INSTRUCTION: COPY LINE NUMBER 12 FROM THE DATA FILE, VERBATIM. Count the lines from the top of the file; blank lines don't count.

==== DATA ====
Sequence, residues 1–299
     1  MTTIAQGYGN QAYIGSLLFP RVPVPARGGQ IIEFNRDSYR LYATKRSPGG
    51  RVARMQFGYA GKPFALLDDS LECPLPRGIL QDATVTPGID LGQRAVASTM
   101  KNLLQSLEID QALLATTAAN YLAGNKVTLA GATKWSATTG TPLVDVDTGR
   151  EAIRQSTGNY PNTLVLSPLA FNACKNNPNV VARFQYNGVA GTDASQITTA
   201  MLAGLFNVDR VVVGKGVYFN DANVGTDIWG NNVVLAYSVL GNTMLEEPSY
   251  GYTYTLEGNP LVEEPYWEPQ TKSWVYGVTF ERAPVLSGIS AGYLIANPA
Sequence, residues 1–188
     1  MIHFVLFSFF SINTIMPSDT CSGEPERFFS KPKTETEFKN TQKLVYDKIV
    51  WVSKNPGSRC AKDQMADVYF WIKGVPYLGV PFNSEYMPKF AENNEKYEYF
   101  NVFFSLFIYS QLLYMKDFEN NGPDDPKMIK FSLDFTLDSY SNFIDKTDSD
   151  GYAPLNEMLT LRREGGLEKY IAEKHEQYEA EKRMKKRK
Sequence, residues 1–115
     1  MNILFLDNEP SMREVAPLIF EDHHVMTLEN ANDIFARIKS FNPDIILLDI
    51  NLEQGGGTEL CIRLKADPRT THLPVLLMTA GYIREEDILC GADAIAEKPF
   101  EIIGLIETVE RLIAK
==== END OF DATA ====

   151  GYAPLNEMLT LRREGGLEKY IAEKHEQYEA EKRMKKRK